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Author Topic: SSFP Mk 3  (Read 70428 times)

burakkucat

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Re: SSFP Mk 3
« Reply #75 on: September 26, 2014, 09:49:56 PM »

Ah, I see. Thank you.  :)
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les-70

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Re: SSFP Mk 3
« Reply #76 on: September 27, 2014, 06:57:51 PM »

  I said I would compare the Mark3 with the BT NTE-2005 ADSl v1.0 faceplate made by Pressac.  The NTE-2005 has from my looking a the circuit no "RF3" type component and connector A and B from the drop wire go straight to the adsl line. 

 Here are the Mark 3 stats.

Max:   Upstream rate = 23663 Kbps, Downstream rate = 77788 Kbps
Bearer:   0, Upstream rate = 20000 Kbps, Downstream rate = 72030 Kbps
      Down      Up
SNR (dB):    7.9       6.6
Attn(dB):    17.5       0.0
Pwr(dBm):    13.3       5.1

  Here are the NTE-2005 stats

Max:   Upstream rate = 23936 Kbps, Downstream rate = 79268 Kbps
Bearer:   0, Upstream rate = 20000 Kbps, Downstream rate = 72030 Kbps
      Down      Up
SNR (dB):    8.3       6.7
Attn(dB):    17.5       0.0
Pwr(dBm):    13.3       4.9

  With the absence of the "RF3" type component I was expecting a higher attainable and indeed it is 1.5 Mb/s higher  :). My previous impression was that the Mark 2 had a more aggressive "RF3" than the Mark 3 so I guess that a Mark 2 to NTE-2005 swap should show a slightly bigger improvement. I attach the respective snrm and bitloadings per tone.    After 45 mins the error rates (with the speed capped) look less  :)  but a reliable error rate test will take a few days to do properly.

 Very Tentative conclusion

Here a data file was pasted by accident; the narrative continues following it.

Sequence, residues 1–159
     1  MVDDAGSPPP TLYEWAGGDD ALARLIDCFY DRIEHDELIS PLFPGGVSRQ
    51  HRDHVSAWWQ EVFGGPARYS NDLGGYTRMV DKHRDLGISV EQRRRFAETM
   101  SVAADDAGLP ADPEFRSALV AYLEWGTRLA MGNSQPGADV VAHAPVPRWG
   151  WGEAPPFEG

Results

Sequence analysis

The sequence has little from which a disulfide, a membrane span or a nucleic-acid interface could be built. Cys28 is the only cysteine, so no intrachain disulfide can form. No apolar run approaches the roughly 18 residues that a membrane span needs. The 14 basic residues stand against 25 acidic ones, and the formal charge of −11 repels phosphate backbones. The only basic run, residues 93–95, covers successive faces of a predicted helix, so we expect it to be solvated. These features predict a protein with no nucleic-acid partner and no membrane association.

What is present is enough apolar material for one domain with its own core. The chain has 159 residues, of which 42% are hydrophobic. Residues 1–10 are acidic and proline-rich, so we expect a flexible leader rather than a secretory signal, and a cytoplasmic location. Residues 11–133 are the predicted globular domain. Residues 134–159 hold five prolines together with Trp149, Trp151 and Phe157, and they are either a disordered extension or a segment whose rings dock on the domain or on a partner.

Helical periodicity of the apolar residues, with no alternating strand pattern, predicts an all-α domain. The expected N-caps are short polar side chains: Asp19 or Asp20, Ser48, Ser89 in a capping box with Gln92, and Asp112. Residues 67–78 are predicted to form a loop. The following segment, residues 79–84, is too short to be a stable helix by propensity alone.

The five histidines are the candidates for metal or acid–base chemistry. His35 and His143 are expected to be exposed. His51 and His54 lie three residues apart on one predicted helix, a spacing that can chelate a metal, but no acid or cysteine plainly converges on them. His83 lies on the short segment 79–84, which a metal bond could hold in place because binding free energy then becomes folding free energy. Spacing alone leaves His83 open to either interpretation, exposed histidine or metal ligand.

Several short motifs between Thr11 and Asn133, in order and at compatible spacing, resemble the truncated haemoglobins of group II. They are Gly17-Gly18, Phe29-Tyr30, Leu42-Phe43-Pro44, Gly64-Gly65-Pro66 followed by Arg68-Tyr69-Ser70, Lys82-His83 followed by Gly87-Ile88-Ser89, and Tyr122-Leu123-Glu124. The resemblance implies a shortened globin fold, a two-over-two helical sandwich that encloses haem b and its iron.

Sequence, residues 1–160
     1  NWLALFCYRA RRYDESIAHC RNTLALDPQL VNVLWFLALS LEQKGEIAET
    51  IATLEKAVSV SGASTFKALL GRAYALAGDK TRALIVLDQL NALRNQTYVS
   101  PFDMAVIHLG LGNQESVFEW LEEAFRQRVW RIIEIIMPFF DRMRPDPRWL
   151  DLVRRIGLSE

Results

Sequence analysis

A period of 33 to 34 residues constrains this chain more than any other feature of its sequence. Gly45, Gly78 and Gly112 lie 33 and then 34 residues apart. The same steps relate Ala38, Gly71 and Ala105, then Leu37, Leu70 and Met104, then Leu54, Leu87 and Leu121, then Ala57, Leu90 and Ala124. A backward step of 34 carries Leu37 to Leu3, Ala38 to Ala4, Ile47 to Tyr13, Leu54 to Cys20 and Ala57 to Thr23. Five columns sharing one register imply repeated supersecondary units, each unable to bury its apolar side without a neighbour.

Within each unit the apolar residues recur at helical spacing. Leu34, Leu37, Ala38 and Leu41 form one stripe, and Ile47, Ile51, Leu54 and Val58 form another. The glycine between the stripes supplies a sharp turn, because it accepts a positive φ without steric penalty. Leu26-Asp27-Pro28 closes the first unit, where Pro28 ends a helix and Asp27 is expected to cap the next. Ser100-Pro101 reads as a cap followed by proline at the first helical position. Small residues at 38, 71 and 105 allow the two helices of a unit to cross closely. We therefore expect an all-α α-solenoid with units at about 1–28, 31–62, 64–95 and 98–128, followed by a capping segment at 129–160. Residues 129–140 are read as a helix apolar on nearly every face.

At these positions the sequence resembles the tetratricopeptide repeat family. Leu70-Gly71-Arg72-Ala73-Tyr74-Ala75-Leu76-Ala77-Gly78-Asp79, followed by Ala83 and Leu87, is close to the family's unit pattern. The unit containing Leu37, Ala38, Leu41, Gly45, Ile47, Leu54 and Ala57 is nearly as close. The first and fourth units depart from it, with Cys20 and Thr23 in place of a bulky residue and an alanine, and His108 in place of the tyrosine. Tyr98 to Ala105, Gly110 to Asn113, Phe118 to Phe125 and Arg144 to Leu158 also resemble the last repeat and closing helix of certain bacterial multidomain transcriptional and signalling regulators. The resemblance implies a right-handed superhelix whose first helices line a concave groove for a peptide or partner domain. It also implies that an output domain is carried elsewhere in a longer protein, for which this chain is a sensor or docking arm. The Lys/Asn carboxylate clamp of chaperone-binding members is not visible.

Both the Mark 2 and Mark 3 may have common mode filtering that has a negative impact impact on some (possibly many) lines.  Almost all modems are pretty good at rejecting common mode and I have long wondered why BT thought they could do better.  The RF2/3 may have had a purpose when people could hear radio channels on their phone calls but the adsl/vdsl filter in a face plate should stop RF on the drop wires reaching the phone (I think!).



« Last Edit: September 27, 2014, 08:07:36 PM by les-70 »
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NewtronStar

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Re: SSFP Mk 3
« Reply #77 on: September 27, 2014, 11:10:23 PM »

but a reliable error rate test will take a few days to do properly.

I would not expect the MK2 or MK3 to increase your broadband rate if your error rates are low, the only thing they can do is to "try" and lower thoses errors 24/7, I am going to tell you those devices are useless to combat against external RFI (radio frequency interference) , but they do seem to fair better with internal EMI (Electromagnetic interference).
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JGO

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Re: SSFP Mk 3
« Reply #78 on: September 28, 2014, 08:03:40 AM »

Very Tentative conclusion 

 Both the Mark 2 and Mark 3 may have common mode filtering that has a negative impact impact on some (possibly many) lines.  Almost all modems are pretty good at rejecting common mode and I have long wondered why BT thought they could do better.  The RF2/3 may have had a purpose when people could hear radio channels on their phone calls but the adsl/vdsl filter in a face plate should stop RF on the drop wires reaching the phone (I think!).

It needs figures from many caes !
 
 Yes, modems can reject common mode to some degree, but when that rejection isn't adequate for the situation,  a common mode rejector such as the RF3  improves it further, particularly when installed correctly.
The aim is improved S/(N+I) ratio, so improving performance may involve a bit of loss to give a nett improvement.  Anyone who is looking for a miraculous device with no snags will be disappointed ! 






 
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les-70

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Re: SSFP Mk 3
« Reply #79 on: September 28, 2014, 09:33:44 AM »


It needs figures from many caes !